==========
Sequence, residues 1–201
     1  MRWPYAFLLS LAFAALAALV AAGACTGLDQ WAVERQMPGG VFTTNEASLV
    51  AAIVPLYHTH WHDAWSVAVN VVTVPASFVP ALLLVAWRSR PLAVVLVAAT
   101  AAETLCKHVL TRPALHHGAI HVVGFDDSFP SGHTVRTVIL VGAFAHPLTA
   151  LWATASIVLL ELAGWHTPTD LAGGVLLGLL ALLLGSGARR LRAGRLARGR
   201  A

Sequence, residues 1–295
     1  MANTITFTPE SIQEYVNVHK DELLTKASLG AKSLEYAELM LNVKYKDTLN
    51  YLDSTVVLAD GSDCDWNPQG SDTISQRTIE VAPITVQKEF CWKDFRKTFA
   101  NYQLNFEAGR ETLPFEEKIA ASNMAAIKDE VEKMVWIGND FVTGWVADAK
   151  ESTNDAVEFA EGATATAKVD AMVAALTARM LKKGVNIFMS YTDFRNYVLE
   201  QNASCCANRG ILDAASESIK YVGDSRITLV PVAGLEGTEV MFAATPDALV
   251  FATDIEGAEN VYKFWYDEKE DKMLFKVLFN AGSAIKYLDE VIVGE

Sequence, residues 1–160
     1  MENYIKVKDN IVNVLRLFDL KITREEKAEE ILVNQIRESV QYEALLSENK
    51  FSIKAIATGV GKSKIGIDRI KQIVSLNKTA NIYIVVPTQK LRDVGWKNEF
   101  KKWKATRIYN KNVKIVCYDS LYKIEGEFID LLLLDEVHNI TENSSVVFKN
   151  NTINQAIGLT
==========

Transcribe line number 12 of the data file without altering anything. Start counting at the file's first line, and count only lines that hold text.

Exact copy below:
   201  QNASCCANRG ILDAASESIK YVGDSRITLV PVAGLEGTEV MFAATPDALV